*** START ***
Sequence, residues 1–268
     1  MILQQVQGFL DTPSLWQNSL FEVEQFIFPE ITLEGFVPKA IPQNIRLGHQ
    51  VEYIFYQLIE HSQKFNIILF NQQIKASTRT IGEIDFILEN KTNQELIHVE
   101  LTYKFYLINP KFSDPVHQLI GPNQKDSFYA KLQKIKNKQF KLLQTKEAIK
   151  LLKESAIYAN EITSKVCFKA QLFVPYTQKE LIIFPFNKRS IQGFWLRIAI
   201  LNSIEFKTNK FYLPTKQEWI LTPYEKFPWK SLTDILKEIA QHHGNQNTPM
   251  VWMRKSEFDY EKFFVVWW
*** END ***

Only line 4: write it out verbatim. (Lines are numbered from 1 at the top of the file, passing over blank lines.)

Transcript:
   101  LTYKFYLINP KFSDPVHQLI GPNQKDSFYA KLQKIKNKQF KLLQTKEAIK